GSA to centralize the sale of excess government property

Officials with the General Services Administration's Federal Asset Sales e-government initiative are preparing to launch a central Internet portal on Oct. 1 for selling excess government property, in an attempt to consolidate agency sale centers.

Federal Asset Sales, one of the original e-government projects launched in 2001, was originally intended to act as a governmentwide center for purchasing excess property. But the logistics proved difficult and the project struggled to move forward. It faced contract protests and a lack of agency buy-in.

The new concept for centralizing government sales is based on the lines of business idea introduced by Office of Management and Budget in 2004, GSA officials said in an interview last week. The lines of business give agencies options for unloading operations that are not part of their core functions, for a fee.

On July 17, OMB approved four agency-run sales operations that will act as centers for disposing of civilian agencies' personal property. The centers are GSA Auctions, the Treasury Department's Forfeiture Fund, the U.S. Marshals Service Asset Forfeiture Program and the Agriculture Department's Centralized Excess Property Operation.

A draft regulation is being prepared to require agencies to migrate from their existing sales operations to one of the four approved centers, GSA officials said. The Defense Department will be excluded because its contracts for selling excess property are in place for several more years and cannot easily be changed, GSA officials said.

Because the sale of real property, such as land or buildings, already is largely centralized around three agencies -- GSA and the departments of Agriculture and Housing and Urban Development - those sale centers did not go through the same formal selection process administered for the personal property sale centers. But their property sales offerings will be included on the Federal Asset Sales Web portal.

The list of sale centers may grow to include other agencies and private sector companies, said Becky Rhodes, GSA's deputy associate administrator for the Office of Travel, Transportation and Asset Management.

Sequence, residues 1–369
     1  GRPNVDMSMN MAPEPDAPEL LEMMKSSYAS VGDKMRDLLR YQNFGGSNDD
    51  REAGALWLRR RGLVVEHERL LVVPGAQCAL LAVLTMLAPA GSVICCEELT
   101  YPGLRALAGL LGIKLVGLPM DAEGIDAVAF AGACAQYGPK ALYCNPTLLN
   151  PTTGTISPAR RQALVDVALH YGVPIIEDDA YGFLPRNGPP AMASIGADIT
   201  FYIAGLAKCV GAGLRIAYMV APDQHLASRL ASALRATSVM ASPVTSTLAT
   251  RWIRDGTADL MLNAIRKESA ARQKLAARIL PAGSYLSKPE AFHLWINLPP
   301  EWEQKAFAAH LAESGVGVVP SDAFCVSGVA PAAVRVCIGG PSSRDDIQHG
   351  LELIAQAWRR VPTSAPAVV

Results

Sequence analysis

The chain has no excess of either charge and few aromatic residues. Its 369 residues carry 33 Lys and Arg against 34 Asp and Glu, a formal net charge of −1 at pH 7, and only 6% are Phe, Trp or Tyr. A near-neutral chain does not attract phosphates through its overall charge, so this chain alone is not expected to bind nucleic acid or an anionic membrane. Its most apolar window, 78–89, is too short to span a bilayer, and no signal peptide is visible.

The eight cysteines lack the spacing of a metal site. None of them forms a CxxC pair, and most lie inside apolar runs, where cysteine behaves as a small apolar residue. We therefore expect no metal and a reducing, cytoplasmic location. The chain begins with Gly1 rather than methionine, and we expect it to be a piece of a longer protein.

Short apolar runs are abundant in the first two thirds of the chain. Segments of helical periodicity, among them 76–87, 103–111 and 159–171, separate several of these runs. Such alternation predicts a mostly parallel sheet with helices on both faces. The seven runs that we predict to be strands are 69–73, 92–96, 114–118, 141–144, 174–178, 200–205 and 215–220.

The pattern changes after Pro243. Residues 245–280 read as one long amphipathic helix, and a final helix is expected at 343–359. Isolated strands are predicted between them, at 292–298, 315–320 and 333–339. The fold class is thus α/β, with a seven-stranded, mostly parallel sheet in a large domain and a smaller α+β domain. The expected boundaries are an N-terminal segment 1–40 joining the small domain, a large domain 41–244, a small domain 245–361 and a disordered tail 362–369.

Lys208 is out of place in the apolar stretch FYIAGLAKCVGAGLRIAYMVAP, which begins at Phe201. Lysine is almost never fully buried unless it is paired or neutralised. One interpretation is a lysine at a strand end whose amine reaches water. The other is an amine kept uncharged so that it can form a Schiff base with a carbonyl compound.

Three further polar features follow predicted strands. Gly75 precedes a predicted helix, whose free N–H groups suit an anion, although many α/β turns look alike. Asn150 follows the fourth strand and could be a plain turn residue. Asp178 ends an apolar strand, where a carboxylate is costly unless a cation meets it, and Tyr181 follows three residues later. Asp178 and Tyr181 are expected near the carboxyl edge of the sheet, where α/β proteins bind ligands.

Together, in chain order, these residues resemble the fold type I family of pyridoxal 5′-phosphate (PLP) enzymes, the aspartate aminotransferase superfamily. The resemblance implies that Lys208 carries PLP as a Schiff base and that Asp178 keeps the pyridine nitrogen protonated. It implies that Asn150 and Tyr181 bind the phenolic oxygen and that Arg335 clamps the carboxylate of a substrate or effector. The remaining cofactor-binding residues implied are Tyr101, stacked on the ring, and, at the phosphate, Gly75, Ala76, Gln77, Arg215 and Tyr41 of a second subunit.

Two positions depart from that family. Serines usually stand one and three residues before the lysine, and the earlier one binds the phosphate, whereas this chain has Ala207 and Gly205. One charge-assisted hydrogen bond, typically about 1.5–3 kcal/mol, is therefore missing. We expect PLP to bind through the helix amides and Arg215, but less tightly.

The time-line for migrating to the centralized sale centers has not been established, but GSA officials anticipate agencies will make the switch within the next year or sooner.

"If OMB has their way it would be less, but realistically I think it takes a while for agencies to sort of change what they're doing," said Chris Fornecker, program manager for Federal Asset Sales.

All four centers will report what they are selling to the Federal Asset Sales-run Web portal that has yet to be named, Fornecker said.

"Our near-term plan is to focus on making it easy for citizens to find things that the government has for sale," said Fornecker. "So a citizen could come online and search for a 1957 Chevy for instance, and it'll tell that citizen all the '57 Chevies that the government is selling."

The Web site is intended to act as a way to advertise the items for sale, but the actual transactions will take place within the sale centers.

The original plan for Federal Asset Sales was to provide agencies with all the services necessary for selling excess property, including advertising, storage and transportation. But that approach was found to be faulty, Fornecker said.

"We're dropping back and taking a more modest approach that is patterned after what has been done in these other lines of business," Fornecker said. "If it were created today, it would be called a line of business."